With all of the patterns complete (except the bucket seat upholstery — I still need to disassemble one to make all of the patterns — I was able to discard almost all of the old rotted carpeting and vinyl. Now, I can air out my shop and not have to wear a respirator to work in there.

Today, I started building a pair of padded saw horses out of 3/4-inch A/C plywood, as per the GT II Plans Book. These will allow me to refurbish the car’s body at a comfortable height. I want to put the saw horses on casters and couple the two of them together to make a rolling platform for the main body. Then, after the repair work is complete and when I need to haul the body to the paint shop, I can just roll the thing onto a trailer or flat-bed tow truck.


Tear, Rip, Shread…

Posted in Disasssembly at 7:13 am by Administrator

For the past few days, I’ve been finishing up cleaning the Volkswagen parts. After trying for several hours to disassemble the pedal cluster, I decided that the thing was so badly rusted that it would have to be replaced. The two pins that hold the assembly together just wouldn’t drive out, despite grinding, pounding, WD-40, and the use of my acetylene torch. The main casting was badly corroded and showed a lot of pitting.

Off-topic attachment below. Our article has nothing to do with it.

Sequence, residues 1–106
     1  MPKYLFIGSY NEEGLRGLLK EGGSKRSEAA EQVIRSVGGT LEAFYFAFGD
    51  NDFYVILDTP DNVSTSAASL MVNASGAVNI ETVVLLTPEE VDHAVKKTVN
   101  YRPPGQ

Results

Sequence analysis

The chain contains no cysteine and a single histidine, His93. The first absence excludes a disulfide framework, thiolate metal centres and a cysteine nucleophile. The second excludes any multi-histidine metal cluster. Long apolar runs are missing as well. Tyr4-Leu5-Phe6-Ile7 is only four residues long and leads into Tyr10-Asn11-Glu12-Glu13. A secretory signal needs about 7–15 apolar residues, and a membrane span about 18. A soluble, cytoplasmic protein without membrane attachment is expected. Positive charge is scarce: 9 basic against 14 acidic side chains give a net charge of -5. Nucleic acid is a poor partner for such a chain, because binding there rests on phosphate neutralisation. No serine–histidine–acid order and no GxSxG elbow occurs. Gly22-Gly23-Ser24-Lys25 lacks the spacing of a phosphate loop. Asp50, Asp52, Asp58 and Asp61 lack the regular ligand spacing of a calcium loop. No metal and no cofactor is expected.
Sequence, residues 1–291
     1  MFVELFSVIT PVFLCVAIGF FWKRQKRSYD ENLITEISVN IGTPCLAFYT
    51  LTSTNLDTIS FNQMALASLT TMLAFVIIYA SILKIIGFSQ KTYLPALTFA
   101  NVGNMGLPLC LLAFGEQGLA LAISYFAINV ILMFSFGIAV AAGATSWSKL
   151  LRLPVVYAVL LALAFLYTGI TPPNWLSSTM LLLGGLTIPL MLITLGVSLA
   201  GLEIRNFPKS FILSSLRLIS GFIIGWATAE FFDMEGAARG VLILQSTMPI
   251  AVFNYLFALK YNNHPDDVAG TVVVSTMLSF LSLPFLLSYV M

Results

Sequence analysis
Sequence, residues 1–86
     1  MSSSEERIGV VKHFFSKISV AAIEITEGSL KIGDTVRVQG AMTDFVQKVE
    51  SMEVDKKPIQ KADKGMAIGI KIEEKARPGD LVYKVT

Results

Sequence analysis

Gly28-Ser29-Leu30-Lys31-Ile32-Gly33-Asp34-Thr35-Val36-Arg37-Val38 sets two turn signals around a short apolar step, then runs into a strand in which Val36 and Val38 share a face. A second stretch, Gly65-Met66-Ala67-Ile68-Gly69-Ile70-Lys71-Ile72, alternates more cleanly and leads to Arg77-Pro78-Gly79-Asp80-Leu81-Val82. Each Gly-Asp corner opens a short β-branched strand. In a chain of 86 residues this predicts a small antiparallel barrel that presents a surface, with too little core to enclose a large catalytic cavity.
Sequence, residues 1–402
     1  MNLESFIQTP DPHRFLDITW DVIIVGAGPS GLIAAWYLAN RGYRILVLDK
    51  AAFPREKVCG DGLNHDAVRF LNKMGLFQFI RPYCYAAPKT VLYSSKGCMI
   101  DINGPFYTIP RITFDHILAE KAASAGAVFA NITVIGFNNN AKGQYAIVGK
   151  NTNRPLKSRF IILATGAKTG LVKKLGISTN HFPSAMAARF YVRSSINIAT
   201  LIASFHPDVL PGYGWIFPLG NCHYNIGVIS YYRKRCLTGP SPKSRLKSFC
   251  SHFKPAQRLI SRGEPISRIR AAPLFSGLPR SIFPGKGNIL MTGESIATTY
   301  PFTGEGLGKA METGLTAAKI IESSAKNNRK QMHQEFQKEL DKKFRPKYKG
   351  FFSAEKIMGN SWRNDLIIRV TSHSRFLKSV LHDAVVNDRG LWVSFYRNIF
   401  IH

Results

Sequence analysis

I rebuilt the steering box and it seems to be in good condition. It still needs to be painted.

Next, I welded a pair of adjusters into the tubes of the front beam assembly. The front beam needs to go to the media blaster to be cleaned up — however, it will be painted instead of powder coated. The beam assembly has outboard roller bearings for the trailing arms, but the inboard bearings — very thin bronze bushings, really — are supported by a set of spacers. The spacers are sometimes phenolic, sometimes Micarta and, more recently, plastic. They have to be removed before the beam can be powder coated and removing them ruins them. The reason that they must be removed is that the heat of the powder coating process will burn them. EMPI makes replacement urethane bushings that take the place of the roller bearings, bronze bushings and plastic spacers, but I’m concerned that the extra weight placed on the front suspension by the batteries might cause too much wear on urethane bushings. So, I’m going to keep the original roller bearings, spacers and bushings, as Bradley did. That necessitates painting the beam instead of finishing it with a powder-coat job.

The rebuilt transaxle showed up via UPS from Chirco yesterday and it looks great. I’m going to paint it with POR-15 over the course of the next few days. The core will go back to Chirco today.